In 1909  the Tennessee legislature passed a law that completely banned all liquor sales within its borders.   Many saloons and liquor retailers were forced out of business.  J. W. Kelly & Co. and the Deep Spring Distillery continued to operate as a result of substantial mail order sales in other states.  Tennessee’s Attorney General was not blind to this trade.  In 1910 he hauled Kelly into court for selling a shipment of whiskey to a customer in New York.  The state’s argument was that such sales opened the door for fraudulent reshipment of liquor to Tennessee customers.  In “State vs. J.W. Kelly & Co.,” the Tennessee Supreme Court dismissed that argument and ruled that Kelly’s shipment was within the protection of the interstate commerce clause of the United States Constitution.   The company rolled on until about 1915 or 1916,  closing for good when the Webb-Kenyon Act, in effect, forbid interstate liquor sales into dry areas.

Although some sources say Kelly managed the business to the end, a 1913 letterhead for the firm shows Carl White as president and two others men in executive positions.  J.W. Kelly nowhere appears.  One surmise is that Kelly was no longer on the scene,  having died or was in bad health.  Another opinion is that he retired and White bought him out.  Whatever the reason for Kelly’s absence, it clearly was not that he had taken his considerable fortune, earned in the South, and decamped to the North.   Whatever he might have been, J.W. Kelly clearly was no carpetbagger.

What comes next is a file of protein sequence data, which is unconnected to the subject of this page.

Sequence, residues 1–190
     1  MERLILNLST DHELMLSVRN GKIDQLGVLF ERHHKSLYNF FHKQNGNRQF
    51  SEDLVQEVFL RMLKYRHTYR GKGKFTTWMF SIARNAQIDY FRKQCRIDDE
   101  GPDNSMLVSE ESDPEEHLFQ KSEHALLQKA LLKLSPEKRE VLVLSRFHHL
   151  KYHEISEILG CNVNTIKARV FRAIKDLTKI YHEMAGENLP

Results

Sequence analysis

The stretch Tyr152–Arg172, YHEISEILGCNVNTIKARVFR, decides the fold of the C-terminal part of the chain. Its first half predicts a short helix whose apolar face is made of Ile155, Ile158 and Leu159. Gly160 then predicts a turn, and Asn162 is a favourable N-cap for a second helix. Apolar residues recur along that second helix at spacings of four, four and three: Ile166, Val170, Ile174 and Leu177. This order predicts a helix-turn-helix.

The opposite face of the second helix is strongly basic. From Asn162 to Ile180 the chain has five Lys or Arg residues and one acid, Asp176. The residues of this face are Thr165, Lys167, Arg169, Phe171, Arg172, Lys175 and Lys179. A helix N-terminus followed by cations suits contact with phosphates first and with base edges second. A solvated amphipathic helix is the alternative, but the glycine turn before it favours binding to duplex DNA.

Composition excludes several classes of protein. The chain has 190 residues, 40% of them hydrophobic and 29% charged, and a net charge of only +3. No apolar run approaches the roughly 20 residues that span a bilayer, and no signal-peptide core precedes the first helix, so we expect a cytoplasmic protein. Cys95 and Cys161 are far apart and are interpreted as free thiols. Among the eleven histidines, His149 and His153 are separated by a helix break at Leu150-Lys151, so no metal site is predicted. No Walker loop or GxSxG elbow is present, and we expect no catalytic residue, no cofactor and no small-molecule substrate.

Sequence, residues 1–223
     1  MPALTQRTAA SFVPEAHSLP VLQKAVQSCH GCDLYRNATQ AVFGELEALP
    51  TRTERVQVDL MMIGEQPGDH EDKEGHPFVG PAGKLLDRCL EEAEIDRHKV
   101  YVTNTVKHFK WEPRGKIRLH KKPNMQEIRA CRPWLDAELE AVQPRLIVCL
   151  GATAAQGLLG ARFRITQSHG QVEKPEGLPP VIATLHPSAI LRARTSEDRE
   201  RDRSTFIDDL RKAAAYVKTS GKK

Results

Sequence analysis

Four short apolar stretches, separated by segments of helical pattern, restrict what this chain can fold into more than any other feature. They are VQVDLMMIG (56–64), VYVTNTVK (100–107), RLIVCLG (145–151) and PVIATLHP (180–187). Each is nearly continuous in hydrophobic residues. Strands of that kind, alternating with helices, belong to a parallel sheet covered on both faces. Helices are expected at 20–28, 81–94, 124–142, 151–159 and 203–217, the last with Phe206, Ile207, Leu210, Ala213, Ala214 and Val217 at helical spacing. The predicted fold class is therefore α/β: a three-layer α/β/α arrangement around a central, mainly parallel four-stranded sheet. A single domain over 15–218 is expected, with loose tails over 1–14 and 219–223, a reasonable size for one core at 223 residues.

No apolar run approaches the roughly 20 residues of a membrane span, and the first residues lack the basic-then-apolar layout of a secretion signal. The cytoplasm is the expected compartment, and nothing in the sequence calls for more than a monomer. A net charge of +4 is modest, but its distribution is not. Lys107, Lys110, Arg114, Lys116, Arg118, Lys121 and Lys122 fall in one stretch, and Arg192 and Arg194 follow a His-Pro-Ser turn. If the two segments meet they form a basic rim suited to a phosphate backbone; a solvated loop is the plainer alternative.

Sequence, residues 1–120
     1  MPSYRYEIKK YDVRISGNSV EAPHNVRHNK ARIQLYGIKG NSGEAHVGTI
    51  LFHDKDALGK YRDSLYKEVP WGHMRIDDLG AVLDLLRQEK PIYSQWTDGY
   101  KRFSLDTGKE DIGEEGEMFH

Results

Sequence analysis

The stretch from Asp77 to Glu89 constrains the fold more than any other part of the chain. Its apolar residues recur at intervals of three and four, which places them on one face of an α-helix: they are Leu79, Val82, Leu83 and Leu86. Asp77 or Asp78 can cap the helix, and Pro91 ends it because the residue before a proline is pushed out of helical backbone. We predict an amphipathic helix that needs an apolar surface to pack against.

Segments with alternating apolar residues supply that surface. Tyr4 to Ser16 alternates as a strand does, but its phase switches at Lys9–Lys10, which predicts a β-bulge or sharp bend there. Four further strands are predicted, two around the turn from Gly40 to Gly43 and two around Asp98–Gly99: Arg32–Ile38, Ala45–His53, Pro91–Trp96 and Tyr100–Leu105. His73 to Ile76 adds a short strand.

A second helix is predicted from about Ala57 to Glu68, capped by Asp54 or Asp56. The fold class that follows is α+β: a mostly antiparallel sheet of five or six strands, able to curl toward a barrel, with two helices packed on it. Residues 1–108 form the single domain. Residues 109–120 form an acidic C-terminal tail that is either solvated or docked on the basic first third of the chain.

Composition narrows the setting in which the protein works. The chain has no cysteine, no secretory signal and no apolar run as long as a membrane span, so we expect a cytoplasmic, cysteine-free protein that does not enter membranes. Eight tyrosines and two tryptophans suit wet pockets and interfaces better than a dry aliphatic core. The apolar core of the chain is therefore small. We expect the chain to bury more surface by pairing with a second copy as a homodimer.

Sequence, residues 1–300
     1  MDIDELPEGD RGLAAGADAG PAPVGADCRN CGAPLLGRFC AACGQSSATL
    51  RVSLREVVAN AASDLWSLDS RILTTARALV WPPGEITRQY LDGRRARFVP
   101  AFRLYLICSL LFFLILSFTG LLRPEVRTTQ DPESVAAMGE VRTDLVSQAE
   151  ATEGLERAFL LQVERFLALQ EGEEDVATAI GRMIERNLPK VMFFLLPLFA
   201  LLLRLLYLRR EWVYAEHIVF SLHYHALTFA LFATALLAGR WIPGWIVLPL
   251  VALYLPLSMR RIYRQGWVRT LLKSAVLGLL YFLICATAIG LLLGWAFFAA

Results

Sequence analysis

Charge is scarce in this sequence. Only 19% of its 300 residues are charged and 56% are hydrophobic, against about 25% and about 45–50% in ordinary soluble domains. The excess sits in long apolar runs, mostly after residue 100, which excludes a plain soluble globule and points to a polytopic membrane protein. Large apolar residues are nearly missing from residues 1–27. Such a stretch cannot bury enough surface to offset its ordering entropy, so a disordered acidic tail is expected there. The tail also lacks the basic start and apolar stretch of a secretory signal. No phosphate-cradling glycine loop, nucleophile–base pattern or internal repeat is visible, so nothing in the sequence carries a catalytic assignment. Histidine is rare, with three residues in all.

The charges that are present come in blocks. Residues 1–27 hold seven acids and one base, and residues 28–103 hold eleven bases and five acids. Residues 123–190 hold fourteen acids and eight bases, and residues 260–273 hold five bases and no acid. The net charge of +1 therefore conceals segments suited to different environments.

Note:   Details about J. W. Kelly, including birth and death dates,  marriage or family, are scant. It even seems difficult to learn his full name.  Much of the information and quotes here come from a short biography that appeared in a volume entitled “East Tennessee Historical and Biographical” published by a Chattanooga printing house in 1893.











2 comments:

  1. I was glad to be a contributor to this article about our cousin Lazard. There were actually more than 25 Coblentz who came to America around the same time. Their history and accomplishments have been outstanding. Howard Coblentz --mpajd11@msn.com

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    1. Howard this is misplaced in the JW Kelly post. Will try to copy for the Coblentz post. In any case, thanks. Jack